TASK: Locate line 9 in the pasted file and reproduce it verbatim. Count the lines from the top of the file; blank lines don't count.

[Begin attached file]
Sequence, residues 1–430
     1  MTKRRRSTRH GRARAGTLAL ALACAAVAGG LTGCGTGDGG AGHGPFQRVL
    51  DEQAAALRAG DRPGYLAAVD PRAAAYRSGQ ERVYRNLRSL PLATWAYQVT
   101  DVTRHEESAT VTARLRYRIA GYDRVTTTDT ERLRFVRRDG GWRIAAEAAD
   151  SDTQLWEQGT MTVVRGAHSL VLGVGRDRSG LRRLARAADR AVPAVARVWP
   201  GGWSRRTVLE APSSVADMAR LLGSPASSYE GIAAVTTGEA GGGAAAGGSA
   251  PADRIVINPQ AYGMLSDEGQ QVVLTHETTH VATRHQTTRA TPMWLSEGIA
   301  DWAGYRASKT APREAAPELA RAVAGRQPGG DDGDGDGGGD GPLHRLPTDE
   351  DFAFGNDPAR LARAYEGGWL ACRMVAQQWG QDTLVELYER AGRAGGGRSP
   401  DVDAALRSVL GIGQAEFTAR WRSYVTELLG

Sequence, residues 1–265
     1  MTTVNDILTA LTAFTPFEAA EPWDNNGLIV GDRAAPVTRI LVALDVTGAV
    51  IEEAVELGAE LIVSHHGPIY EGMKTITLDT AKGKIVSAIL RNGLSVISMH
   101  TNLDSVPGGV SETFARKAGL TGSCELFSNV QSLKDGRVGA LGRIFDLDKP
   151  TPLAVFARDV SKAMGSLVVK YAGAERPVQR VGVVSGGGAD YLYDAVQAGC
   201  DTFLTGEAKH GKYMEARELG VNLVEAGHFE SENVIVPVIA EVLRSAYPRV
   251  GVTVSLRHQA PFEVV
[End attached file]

   351  DFAFGNDPAR LARAYEGGWL ACRMVAQQWG QDTLVELYER AGRAGGGRSP